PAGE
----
MGK: It wasn’t like Steven just set out to make every race happy. I respect people who tell it how it is. I think that racism is being so fueled right now, but I think classism is really what the issue is. In my opinion, to your question, I say people should just continue to tell it how it is. On the east side of Cleveland, the west side of Cleveland, in the inner-city there’s whites, blacks, Puerto Ricans, and whites sprinkled in sparsely.
SCJ: What did you think about black identity in this movie?
I don’t think there was a direct commentary on blackness. The movie felt more informed by the experience of poverty.
SCJ: I think we’re used to the black filmmaker coming in and making the all-black subject matter. Especially at Sundance, they’re looking for that. It’s funny because amongst my filmmaker friends talk about this. We’re like “what’s going to be that token black film this year?” And in a way it’s a joke, but at the same time it hurts. You know what I mean? Because it’s like, is that all we’re known for? Does it have to be one? Can it be two? I wanted to provide a different subject matter.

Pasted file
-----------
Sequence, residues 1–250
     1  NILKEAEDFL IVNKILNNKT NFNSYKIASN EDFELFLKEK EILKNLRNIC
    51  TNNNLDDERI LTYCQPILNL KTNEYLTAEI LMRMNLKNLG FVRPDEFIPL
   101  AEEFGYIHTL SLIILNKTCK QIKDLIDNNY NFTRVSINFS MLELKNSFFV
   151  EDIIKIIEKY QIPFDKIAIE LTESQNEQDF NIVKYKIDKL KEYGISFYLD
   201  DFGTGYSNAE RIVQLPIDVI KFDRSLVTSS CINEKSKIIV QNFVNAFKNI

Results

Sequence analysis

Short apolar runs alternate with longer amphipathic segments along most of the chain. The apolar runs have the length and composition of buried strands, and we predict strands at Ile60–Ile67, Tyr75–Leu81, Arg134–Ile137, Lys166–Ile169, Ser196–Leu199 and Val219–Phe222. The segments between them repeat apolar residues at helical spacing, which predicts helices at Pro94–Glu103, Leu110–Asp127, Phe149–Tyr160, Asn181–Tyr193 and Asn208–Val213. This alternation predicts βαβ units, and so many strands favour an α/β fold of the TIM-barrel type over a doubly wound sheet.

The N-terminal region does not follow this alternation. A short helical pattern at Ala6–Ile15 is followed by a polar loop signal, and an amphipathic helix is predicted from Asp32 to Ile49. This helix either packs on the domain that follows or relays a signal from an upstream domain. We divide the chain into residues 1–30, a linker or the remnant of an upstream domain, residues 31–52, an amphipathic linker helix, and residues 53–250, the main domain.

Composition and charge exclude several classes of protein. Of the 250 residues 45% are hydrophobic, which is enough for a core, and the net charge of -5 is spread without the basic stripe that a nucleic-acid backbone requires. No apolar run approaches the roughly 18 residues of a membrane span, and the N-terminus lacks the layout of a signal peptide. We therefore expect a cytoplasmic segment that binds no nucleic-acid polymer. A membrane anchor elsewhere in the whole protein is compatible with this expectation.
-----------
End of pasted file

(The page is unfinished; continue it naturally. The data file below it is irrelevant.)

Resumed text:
EB: It’s a film that just happens to be directed and written by a Puerto Rican guy with a black dad. It seemed like a very natural, human interaction between people who all just came from one common cesspool of bad luck.
Not all of you are from Cleveland, but it is a cornerstone of the movie. How did each of you start to vibe with the city?
EZRI WALKER: I’m from Cleveland. I grew up in Cleveland. For me it was something that came natural.
MOISES ARIAS: We fed off him. Our cool factor was definitely Ezri and the collective, like his extended family, and the block parties we went to.
RAFI GAVRON: Steven had us meet his father, who’s been in Cleveland and in and out of trouble in Cleveland for a long time. The feel and energy of Cleveland [in the film], for better or for worse, is real.